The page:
Wednesday, November 12, 2014

How to Prune Lavender

Pruning is absolutely required for good flower development and to prevent woody stalks. We find the best time to prune in the Pacific Northwest is late fall just before the first frosts come. At the farm this is usually early to mid-November. We use hedge trimmers to prune the 25,000 plants in our fields. Small garden scythes, clippers or scissors work great for a few plants in the garden.

Lavender Pruning Tools

Cut the flowers and stalks down to within two leaf nodes above the grey/brown woody part of the stem at the very base of the plant (leaving approximately 2-3 inches of green stalk). As you do so, try to maintain a compact hemispherical shape. This will help maintain the shape of the lavender plant the following season. When you are finished the lavender plant should look like a little hedgehog.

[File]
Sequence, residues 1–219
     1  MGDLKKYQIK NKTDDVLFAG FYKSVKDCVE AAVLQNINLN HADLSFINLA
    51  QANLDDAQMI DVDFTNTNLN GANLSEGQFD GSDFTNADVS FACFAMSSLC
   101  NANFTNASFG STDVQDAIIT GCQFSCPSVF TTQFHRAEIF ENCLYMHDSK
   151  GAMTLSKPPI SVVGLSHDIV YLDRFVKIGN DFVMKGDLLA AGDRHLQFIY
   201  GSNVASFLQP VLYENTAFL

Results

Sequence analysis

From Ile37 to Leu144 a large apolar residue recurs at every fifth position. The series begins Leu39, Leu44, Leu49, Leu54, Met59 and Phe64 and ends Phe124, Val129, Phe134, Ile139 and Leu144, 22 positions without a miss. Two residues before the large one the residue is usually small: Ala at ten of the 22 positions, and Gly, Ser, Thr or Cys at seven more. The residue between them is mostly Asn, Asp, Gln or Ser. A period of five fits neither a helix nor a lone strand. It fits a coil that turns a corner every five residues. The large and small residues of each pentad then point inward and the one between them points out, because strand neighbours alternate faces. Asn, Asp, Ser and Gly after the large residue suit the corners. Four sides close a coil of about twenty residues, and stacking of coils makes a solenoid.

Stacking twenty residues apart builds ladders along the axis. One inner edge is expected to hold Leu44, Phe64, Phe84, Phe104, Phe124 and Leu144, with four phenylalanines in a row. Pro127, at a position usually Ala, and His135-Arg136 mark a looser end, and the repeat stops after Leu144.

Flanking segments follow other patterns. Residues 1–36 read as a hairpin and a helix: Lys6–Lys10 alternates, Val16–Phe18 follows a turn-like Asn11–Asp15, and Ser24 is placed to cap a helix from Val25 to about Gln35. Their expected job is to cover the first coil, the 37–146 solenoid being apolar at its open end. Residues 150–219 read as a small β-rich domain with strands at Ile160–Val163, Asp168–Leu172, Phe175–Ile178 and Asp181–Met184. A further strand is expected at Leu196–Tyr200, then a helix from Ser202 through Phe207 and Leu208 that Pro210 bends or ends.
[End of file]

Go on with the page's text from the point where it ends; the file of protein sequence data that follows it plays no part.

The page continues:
How to Prune Lavender

Not cutting down this far can result in the plant becoming leggy over time, or growing so large that with a full flourish of flowers it can become unduly top heavy, leading to the main trunk splitting and potential plant death. On the other hand, cutting too far, namely into the woody part of the stem, can decrease plant life significantly.

In the image below, three stages are visible — the plant in the foreground (bottom left) has not yet been harvested, the plants immediately and to the right of that plant have been harvested but not yet pruned, and the plants in the background have been pruned.  Once pruned the plants enter their winter dormancy until the new growth appears in the spring.

how to prune lavender

If you have any questions about pruning your lavender plants or general lavender plant care, please feel welcome to email us. Happy Pruning!

More Lavender Cultivation, Harvesting and Pruning Photos from the Farm.